Hello Readers! Welcome back once again to the Blast. I hope you are enjoying the tour of the town via the street names. Beginning this week and for the next several weeks my journeys around town will take us east and west on King Street, we’ll hit the back streets, go around the block, throw in a few country
scenes, and make a few stops at interesting places along the way, all in an effort to rekindle a few memories of the streets of Shippensburg as they used to be.
Our first stop, as mentioned last week, is the old Western Maryland Railroad passenger station that sat on the south side of West King Street. I have no recollection of this iconic structure because it was demolished in 1958, a few years before I came along. However, many have asked that I do a story on this building when it was used as the Public Library. I’m always happy to oblige.
If you follow Facebook, you may have noticed different posts about this structure on various pages from those who remember when the railroad passenger station served as the Public Library at 88 West King Street. It’s my own belief that many of the memories shared on Facebook are from those who remember attending the library at this location in the 20 years after its opening, and before it moved in 1957 to the current location on the opposite side of the street. If I’m mistaken, I will not be offended by anyone who reaches out to correct me. The beauty in all of the information shared is the fact that so many people have fond memories of this place and are willing to share their stories with the new generations of people who call Shippensburg home.
While this offering of the Blast was not meant to be about the history of the Shippensburg Public Library but more so about the building that housed the library, I did come across several old newspaper clippings and other information about the very first days of the library in Shippensburg that I feel are worth sharing, especially for those who may not have knowledge of how the library came to be in Shippensburg in the first place.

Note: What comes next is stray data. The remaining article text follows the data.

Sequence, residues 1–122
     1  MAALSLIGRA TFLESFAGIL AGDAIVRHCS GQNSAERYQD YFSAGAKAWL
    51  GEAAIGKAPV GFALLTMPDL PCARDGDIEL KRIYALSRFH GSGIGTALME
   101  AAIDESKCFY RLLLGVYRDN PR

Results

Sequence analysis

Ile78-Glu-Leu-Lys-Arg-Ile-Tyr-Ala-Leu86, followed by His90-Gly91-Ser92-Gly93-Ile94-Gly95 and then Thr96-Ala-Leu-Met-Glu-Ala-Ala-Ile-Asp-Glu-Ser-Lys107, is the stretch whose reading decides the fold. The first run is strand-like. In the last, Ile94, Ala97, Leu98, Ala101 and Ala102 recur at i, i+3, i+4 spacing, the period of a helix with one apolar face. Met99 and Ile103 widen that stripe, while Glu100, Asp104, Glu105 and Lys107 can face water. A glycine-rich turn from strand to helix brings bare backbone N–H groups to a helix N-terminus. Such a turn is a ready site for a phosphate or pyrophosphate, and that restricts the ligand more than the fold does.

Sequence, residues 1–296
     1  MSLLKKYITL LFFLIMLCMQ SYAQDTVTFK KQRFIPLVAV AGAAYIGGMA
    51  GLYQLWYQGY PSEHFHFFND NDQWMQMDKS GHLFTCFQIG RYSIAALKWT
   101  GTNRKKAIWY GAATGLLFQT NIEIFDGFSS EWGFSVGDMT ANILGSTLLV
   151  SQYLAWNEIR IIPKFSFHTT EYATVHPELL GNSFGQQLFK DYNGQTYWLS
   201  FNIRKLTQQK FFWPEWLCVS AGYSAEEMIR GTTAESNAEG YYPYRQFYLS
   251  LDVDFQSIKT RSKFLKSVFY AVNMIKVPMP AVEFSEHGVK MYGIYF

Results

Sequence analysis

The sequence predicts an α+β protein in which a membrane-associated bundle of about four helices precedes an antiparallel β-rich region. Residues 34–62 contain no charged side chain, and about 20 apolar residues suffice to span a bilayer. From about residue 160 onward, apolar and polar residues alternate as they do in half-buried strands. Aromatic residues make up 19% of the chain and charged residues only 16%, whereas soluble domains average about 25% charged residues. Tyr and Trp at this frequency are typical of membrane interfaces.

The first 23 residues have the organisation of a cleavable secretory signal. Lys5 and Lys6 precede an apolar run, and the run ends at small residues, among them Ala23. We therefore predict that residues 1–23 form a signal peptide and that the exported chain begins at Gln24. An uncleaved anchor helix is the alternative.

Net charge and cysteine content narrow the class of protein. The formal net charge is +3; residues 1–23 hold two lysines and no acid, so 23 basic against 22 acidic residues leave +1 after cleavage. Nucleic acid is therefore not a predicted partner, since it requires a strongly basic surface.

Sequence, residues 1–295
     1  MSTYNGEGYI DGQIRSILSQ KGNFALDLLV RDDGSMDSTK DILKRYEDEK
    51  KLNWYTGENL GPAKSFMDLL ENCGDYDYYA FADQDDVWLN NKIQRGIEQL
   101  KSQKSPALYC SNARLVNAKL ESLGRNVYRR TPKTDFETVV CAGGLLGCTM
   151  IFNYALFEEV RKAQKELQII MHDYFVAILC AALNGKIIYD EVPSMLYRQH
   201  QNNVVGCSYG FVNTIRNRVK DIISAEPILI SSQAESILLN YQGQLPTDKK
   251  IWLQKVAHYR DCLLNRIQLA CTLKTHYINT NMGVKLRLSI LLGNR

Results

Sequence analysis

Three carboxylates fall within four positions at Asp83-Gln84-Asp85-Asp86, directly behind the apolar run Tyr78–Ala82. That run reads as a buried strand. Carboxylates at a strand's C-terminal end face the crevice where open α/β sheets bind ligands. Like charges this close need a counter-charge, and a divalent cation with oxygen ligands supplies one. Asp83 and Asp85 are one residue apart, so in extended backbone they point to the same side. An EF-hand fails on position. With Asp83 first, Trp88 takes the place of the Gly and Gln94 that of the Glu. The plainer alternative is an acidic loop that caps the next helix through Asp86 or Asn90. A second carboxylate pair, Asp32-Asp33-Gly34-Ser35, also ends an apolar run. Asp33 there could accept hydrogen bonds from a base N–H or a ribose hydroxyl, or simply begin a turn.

While looking through one of my favorite publication’s about Shippensburg, ‘Shippensburg’s 250 Year History,’ I came across information about the library opening its doors to the public. The article notes that after two years of fundraising and planning under the leadership of two very prominent local men, Henry E. Luhrs and Arthur R. Burkhart, the Shippensburg Free Library Association opened its doors at 45 West King Street on Jan. 15, 1934. Mrs. Blanche Hale was the first librarian. The article also notes that the Shippensburg Civic Club and the Lions Club supported the efforts of the library opening. In January 1937, the library moved into the vacant W.M.R.R. Passenger Station at 88 West King Street which had been remodeled prior to the library taking up residence. The library rented the structure for $10 a year.
In a newspaper clipping dated April 11, 1952, the headline read, ‘BOROUGH LIBRARY’S VALUE OOZES OUT FROM WITHIN TINY QUARTERS.’ The article highlights a talk given to the Shippensburg Rotary Club by the current librarian at that time, Mrs. Harper Wentz. According to Wentz, who was making no plea for improved quarters because she believed the need was apparent to anyone, told those in attendance the Shippensburg Public library was the only one in the nation housed in an abandoned railroad station, and it's over flows into two annexes-half in a garage near the library, and a room on the second floor of the First National Bank building. Obviously the need for the library had far exceeded expectations, which was a good thing; and the need for a new building obviously didn’t go unnoticed.
In 1956 Mr. and Mrs. Henry E. Luhrs and the Beistle Company bought the George H. Stewart, Jr., property at 73 West King Street and donated it to the Shippensburg Public Library. The following year Alex S. Liddle head up a campaign that was successful in raising $50,000 to reconstruct the house for
library use. The remodeled building was opened for operation on Dec. 9, 1957, and was dedicated on Nov. 7, 1958. The Shippensburg Public Library will celebrate its 65th year of existence in the new location this year, and oh how the building has changed over the course of the past six decades.
Stay tuned, at a later date, when I’ll delve into more of the history of the library. It certainly has served as a vital part o f the community for the past 65 years at its current location!
If you or anyone you know has memories to share about the library when it was located inside the old passenger station, I’d love to hear them. Don’t be shy…reach out to me via the office at: 717-532-4101 or send me an email at: firstname.lastname@example.org.
Remember to tune in next week as I continue my venture around town!